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Association of American Universities October 2010.

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Presentation on theme: "Association of American Universities October 2010."— Presentation transcript:

1 Association of American Universities October 2010

2 Objectives Set the stage by defining challenge Provide an introduction to KIPP Describe how we support KIPPsters as they climb the mountain “to and through” college Share a perspective on partnership opportunities Engage in a dialogue with you and answer your questions 1

3 The Masai Tribe How are the children? All the children are well. 2

4 The college completion challenge 3

5 4 <10% of students from low income families graduate from college by their mid-20s

6 Dramatic leaks throughout P-16 pipeline for children from low-income families 5 Enter high school Graduate high school Enter college Graduate college 100928177 Students from top quartile income families 1007140<10 Students from bottom quartile income families Even controlling for prior achievement levels, <30% of high achieving (top quartile) students from low SES families earn BAs

7 Factors impacting college completion are complex, multi-faceted Rigorous academic readiness and preparedness Character and self-efficacy Choice of higher education institution – wide range of completion rates at all levels of selectivity Financial resources, stability, and understanding Social and academic integration – engagement in experiences that foster academic success, e.g., study groups, faculty interaction, extracurricular activities, using support services Resistance to negative pressures (from family, friends, society) Knowledge, savvy, and skills to navigate inevitable obstacles 6

8 7 An introduction

9 At KIPP, we believe… 8

10 1995 KIPP Academy South Bronx KIPP Academy Houston “Yes, but…”  9

11 10 2000

12 KIPP’s Five Pillars 1.Giving students more time in school learning 2.Understanding that attending KIPP is a choice and requires a fundamental commitment 3.Giving educators the power to lead and the freedom to innovate 4.Providing students with high expectations for achievement 5. Focusing on results to monitor and sustain high levels of achievement 11

13 99 schools All across the nation. 12

14 13 Serving over 25,000 students

15 84% eligible for federal free or reduced price lunch Focusing on underserved communities 14

16 15 95% KIPP 8 th grade completers graduate from high school; over 85% matriculate to college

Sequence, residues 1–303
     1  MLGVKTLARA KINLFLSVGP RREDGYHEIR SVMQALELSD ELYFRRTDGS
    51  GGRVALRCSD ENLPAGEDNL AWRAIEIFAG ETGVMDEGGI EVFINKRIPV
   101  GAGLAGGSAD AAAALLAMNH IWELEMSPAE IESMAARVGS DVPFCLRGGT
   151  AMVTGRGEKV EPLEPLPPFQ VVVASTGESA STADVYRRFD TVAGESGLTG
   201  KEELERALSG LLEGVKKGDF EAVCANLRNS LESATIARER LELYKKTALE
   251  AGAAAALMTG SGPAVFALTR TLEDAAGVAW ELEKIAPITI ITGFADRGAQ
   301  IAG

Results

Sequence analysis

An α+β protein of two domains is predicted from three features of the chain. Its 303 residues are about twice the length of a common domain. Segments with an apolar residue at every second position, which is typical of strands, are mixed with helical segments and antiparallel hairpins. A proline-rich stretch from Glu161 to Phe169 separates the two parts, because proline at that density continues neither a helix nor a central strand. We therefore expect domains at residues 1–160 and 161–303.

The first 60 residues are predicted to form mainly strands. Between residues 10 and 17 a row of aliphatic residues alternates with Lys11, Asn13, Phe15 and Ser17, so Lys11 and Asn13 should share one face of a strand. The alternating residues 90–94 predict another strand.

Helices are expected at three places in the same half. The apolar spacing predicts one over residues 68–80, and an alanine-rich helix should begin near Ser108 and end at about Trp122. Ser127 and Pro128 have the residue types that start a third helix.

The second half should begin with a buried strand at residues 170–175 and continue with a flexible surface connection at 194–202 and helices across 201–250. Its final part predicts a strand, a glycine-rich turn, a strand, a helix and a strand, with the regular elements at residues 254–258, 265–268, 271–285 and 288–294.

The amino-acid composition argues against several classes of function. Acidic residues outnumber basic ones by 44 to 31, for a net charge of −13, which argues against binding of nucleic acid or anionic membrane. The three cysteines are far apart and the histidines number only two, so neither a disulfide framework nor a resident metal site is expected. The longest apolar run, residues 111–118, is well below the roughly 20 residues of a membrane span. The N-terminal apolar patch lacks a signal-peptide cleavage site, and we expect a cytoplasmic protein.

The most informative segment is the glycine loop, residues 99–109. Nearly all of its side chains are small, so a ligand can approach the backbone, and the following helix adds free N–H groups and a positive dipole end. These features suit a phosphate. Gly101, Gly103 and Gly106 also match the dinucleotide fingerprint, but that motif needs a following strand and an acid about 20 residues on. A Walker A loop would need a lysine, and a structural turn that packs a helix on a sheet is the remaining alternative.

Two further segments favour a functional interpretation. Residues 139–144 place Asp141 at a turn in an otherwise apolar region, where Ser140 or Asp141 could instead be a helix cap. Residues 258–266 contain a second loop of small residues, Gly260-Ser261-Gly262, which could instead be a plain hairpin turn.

17 16 10,000+ KIPP alumni will be in college by 2015, and thousands more matriculating every year thereafter

18 Importantly, KIPP is focused on THROUGH college, not just TO college 17 Our mission To create a respected, influential, and national network of public schools that are successful in helping students from educationally underserved communities develop the knowledge, skills, and character to succeed in college and the competitive world beyond. Our vision One day, all public schools will help children develop the knowledge, skills, character, and habits necessary to achieve their dreams while making the world a better place.

19 18 Getting KIPP alumni “to and through” college; partnership opportunities

20 KIPP recognizes importance of comprehensive approach… 19 Character & self-efficacy Core to KIPP culture Academic rigor Amazing educators, more time, critical thinking focus Institutional match KIPP Through College team advice, counsel Financial literacy FAFSA support, student and parental engagement Social and academic integration Continued contact and visits; KIPPster Connections College knowledge, savvy KTC focus, piloting U of Chicago’s 6to16 curriculum

21 … and recognizes significant opportunities to partner and collaborate with higher ed 20 Why partner? Directly benefit thousands of KIPP alumni who have invested so much and worked so hard By demonstrating what is possible at scale, challenge policymakers, K-12 systems, higher education institutions, and other critical stakeholders improve the educational / attainment outcomes of low- income and minority students beyond the KIPP network

22 Key benefit to higher education institutions: talent pipeline College-going culture that starts at the entry point (5th grade for most, but increasingly at Pre-K or K) Commitment to excellence that binds students, teachers, and parents (leads to parents attending college workshops, completing/renewing FAFSA, attending Parent Weekends, saving for college) Early college exposure that includes classes named for colleges, end of year trips, college tours Diversity within diversity i.e., African-American, Latino, male, geographic and socioeconomic diversity Rigorous academic preparation Character and leadership development as well as focus on academics, music, service, sports, STEM, etc. 21

23 How we envision partnership Collaborative partnership between KIPP and admissions, financial aid, and students supports offices to maximize likelihood of continued persistence and college success Beyond increased understanding and awareness, specific opportunities could include: – Access to summer / bridge programming – Ensuring student awareness of academic and other resources available on campus – Financial aid and grant opportunities – Campus liaison – Work-study for KIPPsters to mentor younger KIPP peers – Two-way feedback on what we can be doing to better prepare and support KIPP alumni 22

24 23 We’re seeking 5-7 pioneering partner colleges and universities to go on a journey of discovery with us to flesh out a partnership model that we believe could tremendously benefit kids and provide a model for K-12 / higher education collaboration

25 24 Closing thoughts

26 The FedEx effect 25

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